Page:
To Tell or Not To Tell

This morning I came across an article about Carlos Rose, a man convicted of knowingly infecting women with HIV. Even though Mr. Rose and myself could not be any more different, especially because he is also convicted on spreading HIV to underage girls (Well, I guess in the eyes of the far right we are identical), I found myself pondering my own issues with telling my status. For me it is not the struggle to tell or not to tell. It is in my moral fabric to disclose my HIV status before I engage in any sexual contact. My struggle lies in the exact moment to inform my partner; knowing that this information might change his view of me and may not be interested in me. Unfortunately, there are a lot of people that do not feel the same and choose not to tell. For a moment let us put away the moral implications of disclosing and discuss the serious legal ramifications.

36 states in America had prosecuted HIV positive individuals for criminal transmission or HIV exposure, with many having laws specifically mentioning HIV Some states punish those convicted of offences such as prostitution or rape more severely if the person knows they have HIV. Spitting or emitting HIV-infected bodily fluids at another person while in prison is also an offence in some states. Failure to disclose one’s HIV status to a partner is most often the only necessary basis for prosecution, rather than intent to infect someone else or actual transmission of HIV. At least nine HIV-positive individuals in the US have been sentenced for spitting with sentences ranging from 90 days to 25 years…

New York – The applicable part of the law is reckless endangerment in the first degree for engaging in conduct which creates a grave risk of death to another person”

 For all my friends in Pennsylvania:

The state Superior Court ruled in a 2006 case involving oral sex that HIV positive people who do not disclose their status to their sexual partners can be charged with reckless endangerment. It follows that any kind of unprotected sex without disclosure could be prosecuted.

See Criminal Tranmission of HIV from AVERTing HIV and Aids

These courts believe that if you are aware of your status you have a legal obligation to inform your partner. By not telling your partner, you can be brought up on ciminal charges. It doesn’t matter if you have malicious intent or if you are just being stupid.



Filed under AIDS, Gay, HIV, HIV/AIDS, Question/Discussion

4 responses to “To Tell or Not To Tell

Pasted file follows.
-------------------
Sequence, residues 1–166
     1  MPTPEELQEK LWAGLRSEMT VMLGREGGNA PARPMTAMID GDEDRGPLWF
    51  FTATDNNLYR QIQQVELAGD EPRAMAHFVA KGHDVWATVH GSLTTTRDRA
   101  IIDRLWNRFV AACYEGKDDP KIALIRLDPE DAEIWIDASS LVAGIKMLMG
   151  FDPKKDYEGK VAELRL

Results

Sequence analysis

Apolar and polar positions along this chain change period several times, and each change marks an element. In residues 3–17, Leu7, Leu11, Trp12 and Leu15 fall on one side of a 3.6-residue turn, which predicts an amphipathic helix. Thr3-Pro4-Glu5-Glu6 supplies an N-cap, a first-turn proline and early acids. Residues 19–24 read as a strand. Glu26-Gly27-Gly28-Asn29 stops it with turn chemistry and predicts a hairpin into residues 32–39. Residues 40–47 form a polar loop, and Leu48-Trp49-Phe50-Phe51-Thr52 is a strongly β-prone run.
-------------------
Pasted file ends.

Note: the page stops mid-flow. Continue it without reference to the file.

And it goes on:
1. I don’t know. I guess I feel like your partner should be made aware before sex, but I can’t imagine when that point in the relationship would be. I would want prospective partners to form an idea about me based on ME, not on their (possibly misinformed) views on what it means to be positive.

    What are your thoughts? I’m curious.

    • positivelydatingnyc

      I agree that your partner must be informed before any sexual contact. You are right to think that it colors their opinion of you and they don’t see you as you anymore but as the disease and a potential contaminant. I do one of two things; I tell my prospective date before we even go out, this is to nip it in the bud so I don’t get hurt further down the line. Or I will tell them before things progress and I know that we will become physical. Regardless, it is a tricky subject to bring up.

      I am not sure exactly how I feel about these laws. I agree that some measure has to be taken, especially when malicious intent is involved. I feel very strongly that the person who have HIV has the obligation to tell, but I also feel that if you do not ask your partner if they are HIV positive, you are partially liable.

  2. Courtney

    Well, it can be compared to the idea of sex with a minor — even if a minor misrepresents his or her age, the crime is still committed.

    Or if you have sex with a woman who misrepresents (knowingly or unknowingly) her birth control status/ability to get pregnant, and she gets pregnant, you are still liable for the child.

    Intent seems to be the biggest piece of the puzzle. If someone doesn’t know his or her own status and infects someone, I would think that would be a painful discovery for both parties. But, then, how do you know if someone legitimately doesn’t know? If someone calls to say, “Look, get checked” and they don’t… does that make them legally culpable or just stupid and ignorant?

    But the laws against spitting while positive? That seems crazy. I think that the laws need to take into account the likelihood of transmission.

    • positivelydatingnyc

      As I said before I agree that it is the obligation for the positive partner to inform of their status. But if he or she does not and the other person does not ask, should they not be liable as well? Do they not have the obligation to themselves to ask and protect themselves?

      If the negative person ask and the positive person lies, then there is a cause of action. But I feel if the questions are not asked then they are both liable.

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